For the 2016 season, players will be paid $100 per hour; time actually participating in the competitions is what counts, so it benefits players to last longer simply based on the hourly rate. The rate will increase by 50 percent for the 2017 season. The winning team at the end of the season will receive $100,000, split evenly amongst the five players.
The players can also earn money from marketing and sponsorship deals. Net revenue earned by a team from things like merchandising and licensing (generated by the actual team, not by the league) is divided between the team that generates it and the GPL. The GPL takes 70 percent of Net Team Revenue (unfortunately, but then again, without the league, there is no revenue) off the top. 15 percent of the Net Team Revenue is split evenly amongst the five team members and 5 percent goes to the team manager. The other 10 percent is divided amongst the other players in the league.
Players who bring a sponsor to the league will receive 15 percent of the net revenue from that sponsor in the contract’s first year, 10 percent in the second year, and 5 percent in the third year.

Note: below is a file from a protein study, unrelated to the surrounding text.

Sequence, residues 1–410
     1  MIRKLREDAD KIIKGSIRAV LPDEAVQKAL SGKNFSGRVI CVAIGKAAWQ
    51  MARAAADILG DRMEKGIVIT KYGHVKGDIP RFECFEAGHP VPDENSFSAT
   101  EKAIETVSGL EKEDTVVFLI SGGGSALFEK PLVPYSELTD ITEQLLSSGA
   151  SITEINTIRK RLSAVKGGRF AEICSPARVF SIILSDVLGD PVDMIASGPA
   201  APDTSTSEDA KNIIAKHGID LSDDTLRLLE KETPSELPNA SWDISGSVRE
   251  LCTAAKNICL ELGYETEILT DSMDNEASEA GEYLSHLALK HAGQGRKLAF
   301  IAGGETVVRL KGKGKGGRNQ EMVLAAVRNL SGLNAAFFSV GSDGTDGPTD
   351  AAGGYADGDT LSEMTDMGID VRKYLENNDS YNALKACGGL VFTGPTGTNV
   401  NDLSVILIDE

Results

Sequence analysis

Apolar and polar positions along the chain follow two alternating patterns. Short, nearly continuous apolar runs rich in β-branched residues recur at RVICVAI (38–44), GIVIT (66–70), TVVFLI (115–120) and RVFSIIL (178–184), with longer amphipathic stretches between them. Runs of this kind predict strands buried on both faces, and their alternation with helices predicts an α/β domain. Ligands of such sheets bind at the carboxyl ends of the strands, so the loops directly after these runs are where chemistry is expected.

Players who are not members of teams but are invited to participate in exhibition events will also receive the aforementioned $100 per hour wage. All event-related expenses such as travel and lodging will also be reimbursed by the GPL.
Poker Pros Report on Meeting with PokerStars About VIP Changes
Three poker pros – Dani Stern, Isaac Haxton, and Daniel Dvoress – recently met with PokerStars and Amaya reps at Amaya’s Montreal offices to discuss the issues they and many in the poker community have with the VIP program changes that went into effect on January 1st.
To summarize the meeting, we’ll skip right to what Stern wrote at the end of the report he posted on Two Plus Two. “We deeply regret that we are not bringing back any good news for the players,” he said. “We tried our best to present both practical and ethical arguments against the SN/SNE cuts, but PokerStars is not willing to reconsider any of the changes.”
Stern wrote, “….our highest priority was to address PokerStars’ decision not to give the 2016 rewards they had promised to players earning SN and SNE statuses in 2015.” PokerStars disagreed with the players that the site had an obligation to honor what the players saw as an agreement and has no intention to reverse any of the VIP changes.
The players did admit that PokerStars presented solid evidence that the “ecosystem” is broken and therefore changes to the site are needed, but the players disagreed that the VIP changes will do anything to help. They also felt that they were at a serious disadvantage in the day-long talks because PokerStars came armed with wheelbarrow loads of financials and other stats that the players had not seen before. The players only had minutes to look at the numbers and try to present their own arguments.